You are advised to have face to face meetings with your supervisor in the beginning/meantime if you need help or solve questions. To do so, arrange in advance an appointment with your corresponding supervisor.

It is recommended to use a virtual machine to solve your assignments since you can easily crash your system. However, compiling the kernel will take considerably longer. You are free to choose whichever virtualization solution you prefer (https://www.linux-kvm.org, https://www.virtualbox.org, https://www.vmware.com). Use CentOS 7.0 http://www.centos.org.

  • Students can work in teams of two maximum three persons. The team members should be announced in advance.
  • For each presentation you have to deliver the slides along with the source code examples. Slides and source code will be published here.
  • Each team should provide its own unique solution.
  • Do not copy other teams solutions.
  • You can submit your assignment after the deadline. However, you will have to pay a penalty of 10% assigments mark per day of delay.
  • You can ask questions in the mailing list of the course or to the lecturers directly.

Programming in General

Debugging

Books

  1. Linux Device Drivers, 3d edition, Sprache: Englisch, ISBN-10: 0596005903, ISBN-13: 978-0596005900, price: EUR 29,00
  2. Linux Kernel Development (3rd Edition), Sprache: Englisch, ASIN: B003V4ATI0, price: EUR 30,95
  3. Advanced Programming in the UNIX Environment, Second Edition, Sprache: Englisch, ISBN-10: 0321637739, ISBN-13: 978-0321637734, price: EUR 44,95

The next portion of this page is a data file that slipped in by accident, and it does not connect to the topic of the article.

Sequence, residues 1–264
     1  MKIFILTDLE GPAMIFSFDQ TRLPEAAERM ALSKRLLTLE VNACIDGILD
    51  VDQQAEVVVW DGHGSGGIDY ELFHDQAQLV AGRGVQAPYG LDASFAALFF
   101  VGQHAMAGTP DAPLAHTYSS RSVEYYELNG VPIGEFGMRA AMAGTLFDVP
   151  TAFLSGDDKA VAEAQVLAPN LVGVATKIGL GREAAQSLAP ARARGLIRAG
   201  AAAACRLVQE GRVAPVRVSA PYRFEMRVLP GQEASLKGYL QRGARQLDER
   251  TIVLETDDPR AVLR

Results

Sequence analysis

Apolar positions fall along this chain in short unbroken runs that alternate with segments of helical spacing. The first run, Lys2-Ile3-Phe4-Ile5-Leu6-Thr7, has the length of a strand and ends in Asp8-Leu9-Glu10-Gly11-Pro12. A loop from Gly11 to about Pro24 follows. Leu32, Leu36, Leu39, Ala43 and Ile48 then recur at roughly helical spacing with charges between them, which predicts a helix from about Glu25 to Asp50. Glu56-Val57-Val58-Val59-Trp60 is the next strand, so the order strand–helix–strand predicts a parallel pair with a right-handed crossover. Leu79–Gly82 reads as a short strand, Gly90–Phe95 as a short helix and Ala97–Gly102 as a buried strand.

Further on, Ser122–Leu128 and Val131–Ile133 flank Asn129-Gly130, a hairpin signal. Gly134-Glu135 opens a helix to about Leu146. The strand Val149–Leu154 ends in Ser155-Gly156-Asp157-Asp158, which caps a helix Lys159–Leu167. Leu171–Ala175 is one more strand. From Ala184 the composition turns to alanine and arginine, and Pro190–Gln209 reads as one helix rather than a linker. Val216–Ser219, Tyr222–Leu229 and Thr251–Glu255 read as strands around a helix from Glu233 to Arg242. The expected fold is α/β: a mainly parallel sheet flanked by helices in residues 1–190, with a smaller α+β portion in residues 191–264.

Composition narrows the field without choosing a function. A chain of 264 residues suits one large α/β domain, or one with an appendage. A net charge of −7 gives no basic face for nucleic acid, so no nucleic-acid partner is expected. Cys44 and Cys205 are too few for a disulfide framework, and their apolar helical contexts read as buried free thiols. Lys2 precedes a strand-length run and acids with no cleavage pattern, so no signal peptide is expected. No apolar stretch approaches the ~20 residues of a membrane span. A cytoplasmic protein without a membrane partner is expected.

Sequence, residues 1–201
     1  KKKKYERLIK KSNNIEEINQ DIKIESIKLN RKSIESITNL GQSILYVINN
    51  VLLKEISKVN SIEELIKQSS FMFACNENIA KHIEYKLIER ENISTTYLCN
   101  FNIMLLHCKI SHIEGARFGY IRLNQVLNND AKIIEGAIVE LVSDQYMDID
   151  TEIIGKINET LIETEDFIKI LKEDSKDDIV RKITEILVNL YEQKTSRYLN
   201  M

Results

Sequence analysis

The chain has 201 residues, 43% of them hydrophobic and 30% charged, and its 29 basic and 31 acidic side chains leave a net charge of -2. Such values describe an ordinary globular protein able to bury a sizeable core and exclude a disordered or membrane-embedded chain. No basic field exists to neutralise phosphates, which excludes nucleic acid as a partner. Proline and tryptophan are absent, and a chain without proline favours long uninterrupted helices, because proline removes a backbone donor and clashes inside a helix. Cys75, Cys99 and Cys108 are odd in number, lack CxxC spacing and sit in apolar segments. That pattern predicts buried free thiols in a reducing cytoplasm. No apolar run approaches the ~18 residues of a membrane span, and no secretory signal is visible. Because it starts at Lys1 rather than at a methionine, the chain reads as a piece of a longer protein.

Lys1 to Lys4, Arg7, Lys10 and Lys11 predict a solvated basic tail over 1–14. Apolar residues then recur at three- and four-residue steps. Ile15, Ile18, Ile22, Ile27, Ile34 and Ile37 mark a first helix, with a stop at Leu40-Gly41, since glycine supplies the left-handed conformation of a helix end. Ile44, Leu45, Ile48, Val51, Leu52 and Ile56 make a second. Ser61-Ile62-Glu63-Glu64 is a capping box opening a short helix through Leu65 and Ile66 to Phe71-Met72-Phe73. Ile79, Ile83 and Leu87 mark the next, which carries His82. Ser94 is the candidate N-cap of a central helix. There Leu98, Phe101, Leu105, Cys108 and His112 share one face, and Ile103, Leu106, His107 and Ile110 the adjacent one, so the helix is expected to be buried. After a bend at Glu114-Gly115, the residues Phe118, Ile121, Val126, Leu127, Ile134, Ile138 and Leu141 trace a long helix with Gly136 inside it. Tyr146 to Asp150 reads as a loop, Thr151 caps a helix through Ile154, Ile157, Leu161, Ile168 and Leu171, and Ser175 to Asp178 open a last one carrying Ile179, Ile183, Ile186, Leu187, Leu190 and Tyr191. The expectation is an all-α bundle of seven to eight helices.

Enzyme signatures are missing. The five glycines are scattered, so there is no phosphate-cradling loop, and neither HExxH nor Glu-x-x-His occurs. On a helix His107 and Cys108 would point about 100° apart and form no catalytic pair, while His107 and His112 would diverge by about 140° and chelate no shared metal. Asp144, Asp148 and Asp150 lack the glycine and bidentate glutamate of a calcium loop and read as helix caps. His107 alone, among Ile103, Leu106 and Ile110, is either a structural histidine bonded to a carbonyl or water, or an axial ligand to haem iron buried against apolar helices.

4. Understanding the Linux Kernel, 3rd edition, Sprache: Englisch, ASIN: B00E28C248, price: EUR 73,00
  5. Essential Linux Device Drivers (Prentice Hall Open Source Software Development), Sprache: Englisch, ISBN-10: 132396556, ISBN-13: 978-0132396554, price: 36,95
  6. Modern Operating Systems (3rd Edition), Publisher: Prentice Hall; 3 edition (December 21, 2007), Language: English, ISBN-10: 0136006639, ISBN-13: 978-0136006633
  7. Linux Performance and Tuning Guidelines, An IBM Redpaper publication http://www.redbooks.ibm.com/abstracts/redp4285.html
  8. The C Programming Language, 2nd Edition, Publisher: Prentice Hall; 2 edition (April 1, 1988), Language: English, ISBN-10: 0131103628, ISBN-13: 978-0131103627
  9. Modern Operating Systems, 3rd Edition, Author: Andrew S. Tanenbaum, Sprache: Englisch, ISBN-10: 1292025778, ISBN-13: 978-1292025773
  10. Just for Fun: The Story of an Accidental Revolutionary, Publisher: HarperBusiness; Reprint edition (June 4, 2002), Language: English, ISBN-10: 0066620732, ISBN-13: 978-0066620732
1)
Konstantinos Chasapis
2)
Julian Kunkel
3)
Marc Wiedemann
4)
Manuel Dolz